Are You Alcohol Aware?

April marks Alcohol Awareness Month, an annual effort to raise awareness about the dangers of abusing alcohol.

“Alcohol and addiction are very important topics; however, I don’t think we are taught much about it. I never really knew our campus offered programs and counseling towards it, and I think more people need to realize there is help available,” said sophomore Isabella Mazzucco.

A big part of alcohol awareness is to educate individuals about the signs of a drinking problem and the effects that come with it.       

“I would define a drinking problem when a student’s alcohol use is putting their own safety and/or the safety of others at risk, and when the drinking begins to interfere with one’s ability to function in their daily life,” said Jeffrey Labella, University Counselor and Alcohol & Substances Services Coordinator.

As part of alcohol awareness month, Sacred Heart provides various programs that help students who may be suffering from alcohol addiction. One of which is through the University’s Counselor and Alcohol & Substances services, which takes place both on and off-campus.

The Collegiate Recovery Program offers virtual recovery meetings every Wednesday at 2 p.m. on Zoom in addition to 12-step meetings on Monday evenings at 7 p.m. in the Main Academic Building.

“Everyone is welcome. This meeting is great for anyone interested in substance use recovery, and those in recovery as well,” said Labella.

“James Cafran, the Recovery Coordinator for Collegiate Recovery Program, oversees these programs,” said Labella. “In addition, students who are questioning their alcohol use, or struggling with alcohol use challenges are welcome to reach out to myself or James Cafran and make an appointment for guidance.”

There are also programs offered off-campus for those who are interested including weekly Alcoholics Anonymous (AA) meetings in the community. If there are students in recovery seeking these supports or questioning their alcohol use, they should visit to find a local meeting.

“If a student requires more intensive help than weekly meetings, individual counseling, outpatient and inpatient services are available based on individual need,” said Labella.

Additionally, if a student is looking for referrals to treatment, they can find more information on the CT Department of Mental Health and Addiction Services (DMHAS) website.

While it is very important to know how to seek help if needed, it is also good to know more about addiction and how it can happen.

“Genetics account for up to 60% of risk factors for alcohol addiction in studies,” said Dr. Kerry Millner, professor in the Doctor of Nursing Practice and an expert on addiction.

According to research used by Millner, excessive alcohol consumption is common amongst individuals of various ethnicities and is a component of both young and older people’s lifestyles.

“There are certainly SHU students who fall into the category of having drinking problems, but this is not a problem unique to this University,” said Labella. “I think this is a problem affecting most universities in the country, and it is a problem that many are working hard to find effective solutions to.”

In addition to the Collegiate Recovery Program, there is also s.w.e.e.t., a student branch of the Wellness Center that serves as a support center and will answer any questions students may have regarding topics such as resources for mental health and education on alcohol, sleep and therapy/therapy dogs.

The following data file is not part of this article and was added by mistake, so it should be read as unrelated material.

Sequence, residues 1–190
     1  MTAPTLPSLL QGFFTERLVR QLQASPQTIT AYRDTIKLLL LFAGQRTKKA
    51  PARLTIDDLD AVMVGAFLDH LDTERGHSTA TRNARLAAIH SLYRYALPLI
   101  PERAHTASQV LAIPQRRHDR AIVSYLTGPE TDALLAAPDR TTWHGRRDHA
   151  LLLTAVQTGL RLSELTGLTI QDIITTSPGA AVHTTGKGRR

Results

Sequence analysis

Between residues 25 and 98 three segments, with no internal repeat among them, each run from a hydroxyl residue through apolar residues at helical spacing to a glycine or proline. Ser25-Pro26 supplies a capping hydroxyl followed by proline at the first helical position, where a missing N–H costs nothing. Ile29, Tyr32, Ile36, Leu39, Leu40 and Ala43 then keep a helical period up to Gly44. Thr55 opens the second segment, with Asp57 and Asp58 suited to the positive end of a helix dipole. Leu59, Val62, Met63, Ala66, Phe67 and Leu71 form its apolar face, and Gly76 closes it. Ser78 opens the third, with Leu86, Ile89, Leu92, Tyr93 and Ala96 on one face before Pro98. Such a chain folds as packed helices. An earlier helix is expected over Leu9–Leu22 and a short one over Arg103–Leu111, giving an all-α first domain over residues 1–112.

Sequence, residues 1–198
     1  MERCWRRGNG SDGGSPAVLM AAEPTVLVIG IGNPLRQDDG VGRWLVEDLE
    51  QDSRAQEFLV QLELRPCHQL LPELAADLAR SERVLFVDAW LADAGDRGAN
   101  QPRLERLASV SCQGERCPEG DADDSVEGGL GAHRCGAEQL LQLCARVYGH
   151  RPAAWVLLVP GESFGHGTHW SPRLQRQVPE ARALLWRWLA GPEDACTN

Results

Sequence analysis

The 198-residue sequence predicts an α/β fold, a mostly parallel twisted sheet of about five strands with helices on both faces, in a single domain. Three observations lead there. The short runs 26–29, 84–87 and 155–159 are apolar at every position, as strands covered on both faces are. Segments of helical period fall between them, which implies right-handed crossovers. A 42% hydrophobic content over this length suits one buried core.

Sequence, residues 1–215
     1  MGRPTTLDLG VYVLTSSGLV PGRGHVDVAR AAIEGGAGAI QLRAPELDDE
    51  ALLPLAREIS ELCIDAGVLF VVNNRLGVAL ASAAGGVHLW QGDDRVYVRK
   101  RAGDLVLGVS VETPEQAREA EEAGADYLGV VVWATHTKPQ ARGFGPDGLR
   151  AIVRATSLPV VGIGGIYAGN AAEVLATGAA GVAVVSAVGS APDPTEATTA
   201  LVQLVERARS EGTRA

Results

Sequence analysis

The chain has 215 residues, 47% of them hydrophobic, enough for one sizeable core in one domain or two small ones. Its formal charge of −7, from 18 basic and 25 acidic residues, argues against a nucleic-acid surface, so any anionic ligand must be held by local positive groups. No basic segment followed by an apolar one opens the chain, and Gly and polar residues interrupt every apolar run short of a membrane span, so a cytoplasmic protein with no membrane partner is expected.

“Students who may be suffering from an alcohol addiction could benefit from education from the sweets on campus by observing how much alcohol you are actually putting in your cup and how that alcohol may be affecting your body,” said Abigail Andre, s.w.e.e.t. peer educator.

When a student shares a question or concern about their use of alcohol or any substance, s.w.e.e.t. counselors take that concern seriously.

“We have a program that we run called the BAR exam, and it is one we mostly give to freshman resident students,” said Andre. “We take them through an activity of filling a glass (they can choose from various alcohols) and guessing the amount of alcohol in it. Most students are surprised at how much they may be putting into their bodies at one time, and it is a good way to teach students how to pace themselves if they choose to drink.”

During this program, they use a website called “The Virtual Bar,” which enables the user to enter their body weight, gender, and height and influence how much alcohol/food/water they give to a virtual individual. It then calculates the person’s BAC and gives a little information on the physical effects that amount of alcohol has.

Collegiate recovery programs are beneficial for recovering alcoholics and are one of the first of many steps they may have to take to recover.

“This type of recovery does not happen overnight and starting with a program on the collegiate level is a good base program to have,” said Andre. “I think collegiate recovery programs are a great way to start immersing yourself into the path for recovery.”

Services and recovery programs are available to everyone and reaching out is encouraged.

“Recognizing the signs of alcohol misuse and receiving appropriate treatment may make a big difference in someone’s recovery.  Everyone should know that help and treatments are available,” said junior Colton Nicholas.

To schedule an appointment for Alcohol or Other Drug Service, please contact the Wellness Center Counseling Services at 203-371-7955 or email Labella at

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